Meeting the Professional Development Needs of Special Educators in 21st Century Classrooms

Meeting the Professional Development Needs of Special Educators in 21st Century Classrooms

Elizabeth Hardman (Northcentral University, USA)
DOI: 10.4018/978-1-5225-0267-8.ch005
OnDemand PDF Download:
No Current Special Offers


This chapter describes the challenges personnel preparation programs meet when preparing pre-service special educators for service in today's technology rich classrooms. The author used action research methodology to explore the feasibility of developing a virtual Professional Learning Community (PLC) for the purpose of building a collaborative culture of learning in special education and providing pre-service and novice special educators access to networks of support. A wiki and Ning provided the basic infrastructure for the virtual PLC and the data collected from the websites were analyzed using the eight essential characteristics of PLC development. The results showed that the PLC membership participated in community work primarily as observers only, relying almost entirely on the teacher educator to direct and manage all facets of community work. The implications of the research are discussed with respect to how personnel preparation programs prepare teachers for service in in 21st Century classrooms.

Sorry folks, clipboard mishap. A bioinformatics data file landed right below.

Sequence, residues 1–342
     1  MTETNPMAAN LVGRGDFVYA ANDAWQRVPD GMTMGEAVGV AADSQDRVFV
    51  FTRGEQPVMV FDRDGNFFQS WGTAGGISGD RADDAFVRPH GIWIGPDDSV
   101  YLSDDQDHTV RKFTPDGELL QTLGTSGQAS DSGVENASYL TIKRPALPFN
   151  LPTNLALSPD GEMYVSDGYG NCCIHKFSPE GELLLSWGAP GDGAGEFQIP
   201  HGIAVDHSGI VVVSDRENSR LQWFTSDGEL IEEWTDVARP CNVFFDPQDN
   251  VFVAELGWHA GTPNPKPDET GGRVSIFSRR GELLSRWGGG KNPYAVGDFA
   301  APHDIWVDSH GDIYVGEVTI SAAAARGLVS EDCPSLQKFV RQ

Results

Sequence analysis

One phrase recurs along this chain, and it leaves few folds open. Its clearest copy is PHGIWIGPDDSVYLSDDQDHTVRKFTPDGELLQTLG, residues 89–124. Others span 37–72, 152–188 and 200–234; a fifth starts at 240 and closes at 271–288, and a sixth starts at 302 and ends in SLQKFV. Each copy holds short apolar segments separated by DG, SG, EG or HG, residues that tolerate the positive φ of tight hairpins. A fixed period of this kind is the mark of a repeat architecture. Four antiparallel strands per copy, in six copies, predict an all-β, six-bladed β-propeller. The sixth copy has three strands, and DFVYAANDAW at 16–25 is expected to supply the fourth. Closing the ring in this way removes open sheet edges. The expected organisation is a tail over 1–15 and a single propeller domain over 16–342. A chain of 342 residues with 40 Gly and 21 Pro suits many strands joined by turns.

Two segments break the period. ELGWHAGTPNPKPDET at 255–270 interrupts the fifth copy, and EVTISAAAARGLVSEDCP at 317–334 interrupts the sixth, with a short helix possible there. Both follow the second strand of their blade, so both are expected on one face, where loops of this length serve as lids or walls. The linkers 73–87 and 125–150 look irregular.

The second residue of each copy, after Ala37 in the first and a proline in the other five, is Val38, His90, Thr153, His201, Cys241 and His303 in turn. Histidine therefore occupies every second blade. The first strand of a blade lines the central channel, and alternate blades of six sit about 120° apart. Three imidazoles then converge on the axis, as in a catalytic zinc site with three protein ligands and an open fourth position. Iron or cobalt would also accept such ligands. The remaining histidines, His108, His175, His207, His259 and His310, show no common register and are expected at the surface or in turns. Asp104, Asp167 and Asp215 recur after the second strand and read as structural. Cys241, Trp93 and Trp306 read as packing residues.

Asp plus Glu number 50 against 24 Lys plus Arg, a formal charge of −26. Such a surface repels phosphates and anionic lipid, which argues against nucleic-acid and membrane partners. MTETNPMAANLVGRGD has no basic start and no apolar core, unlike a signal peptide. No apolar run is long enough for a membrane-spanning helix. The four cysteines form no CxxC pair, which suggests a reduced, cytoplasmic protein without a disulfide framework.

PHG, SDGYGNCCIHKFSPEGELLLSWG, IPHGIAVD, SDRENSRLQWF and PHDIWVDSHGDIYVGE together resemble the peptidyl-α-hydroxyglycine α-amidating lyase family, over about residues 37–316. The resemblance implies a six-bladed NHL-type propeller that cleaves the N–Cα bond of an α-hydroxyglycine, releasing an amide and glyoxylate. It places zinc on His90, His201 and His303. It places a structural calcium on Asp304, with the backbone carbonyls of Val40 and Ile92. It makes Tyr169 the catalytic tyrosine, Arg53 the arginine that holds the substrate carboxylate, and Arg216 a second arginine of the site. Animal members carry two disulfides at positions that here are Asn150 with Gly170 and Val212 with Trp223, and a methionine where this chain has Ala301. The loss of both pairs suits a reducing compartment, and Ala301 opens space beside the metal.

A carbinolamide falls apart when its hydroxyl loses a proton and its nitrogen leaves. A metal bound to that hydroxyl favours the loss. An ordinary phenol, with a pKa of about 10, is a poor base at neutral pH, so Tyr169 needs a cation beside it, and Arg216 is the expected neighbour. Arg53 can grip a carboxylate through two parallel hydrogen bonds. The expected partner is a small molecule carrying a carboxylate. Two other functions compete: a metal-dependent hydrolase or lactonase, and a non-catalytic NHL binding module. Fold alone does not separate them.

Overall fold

Chapter Preview

Inclusion: A Student Centered Practice

Inclusion defines the practice of special education and is the term widely used to describe how students with disabilities and at risk peers can achieve full member status in a learning community that values everyone for the unique contribution each can make toward realizing the community’s purposes (Farrell & Ainscow, 2002; Vaughn, Bos, & Schumm, 2011). The principle of inclusion is best satisfied when general and special educators engage in a shared practice for the purpose of maximizing every student’s access to the critical content defined by the general education curriculum (Friend & Bursuck, 2012). Neither general nor special educators have the depth of content knowledge or pedagogical expertise required to meet the learning needs of every student in today’s academically diverse classroom but in a shared practice, the general educator provides content expertise while the special educator adapts the delivery of that content using evidence based practices (EBPs) specifically designed to meet the individualized learning needs of students with disabilities and typical peers who may be at risk for academic failure (Lenz & Deshler, 2004; McLeskey & Waldron, 2000).

Complete Chapter List

Search this Book: